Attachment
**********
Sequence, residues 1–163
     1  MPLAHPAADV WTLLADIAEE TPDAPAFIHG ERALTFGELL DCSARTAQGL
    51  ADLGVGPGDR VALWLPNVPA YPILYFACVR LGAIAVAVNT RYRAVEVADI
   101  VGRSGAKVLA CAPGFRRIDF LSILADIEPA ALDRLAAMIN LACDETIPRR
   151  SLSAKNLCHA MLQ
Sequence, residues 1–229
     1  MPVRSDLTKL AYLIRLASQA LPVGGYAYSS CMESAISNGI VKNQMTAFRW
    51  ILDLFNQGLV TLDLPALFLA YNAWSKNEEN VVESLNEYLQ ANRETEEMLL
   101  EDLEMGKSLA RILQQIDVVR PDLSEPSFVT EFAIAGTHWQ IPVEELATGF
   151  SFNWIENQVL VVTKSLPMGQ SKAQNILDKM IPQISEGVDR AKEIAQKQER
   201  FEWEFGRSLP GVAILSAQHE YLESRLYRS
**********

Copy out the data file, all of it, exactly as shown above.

Sequence, residues 1–163
     1  MPLAHPAADV WTLLADIAEE TPDAPAFIHG ERALTFGELL DCSARTAQGL
    51  ADLGVGPGDR VALWLPNVPA YPILYFACVR LGAIAVAVNT RYRAVEVADI
   101  VGRSGAKVLA CAPGFRRIDF LSILADIEPA ALDRLAAMIN LACDETIPRR
   151  SLSAKNLCHA MLQ
Sequence, residues 1–229
     1  MPVRSDLTKL AYLIRLASQA LPVGGYAYSS CMESAISNGI VKNQMTAFRW
    51  ILDLFNQGLV TLDLPALFLA YNAWSKNEEN VVESLNEYLQ ANRETEEMLL
   101  EDLEMGKSLA RILQQIDVVR PDLSEPSFVT EFAIAGTHWQ IPVEELATGF
   151  SFNWIENQVL VVTKSLPMGQ SKAQNILDKM IPQISEGVDR AKEIAQKQER
   201  FEWEFGRSLP GVAILSAQHE YLESRLYRS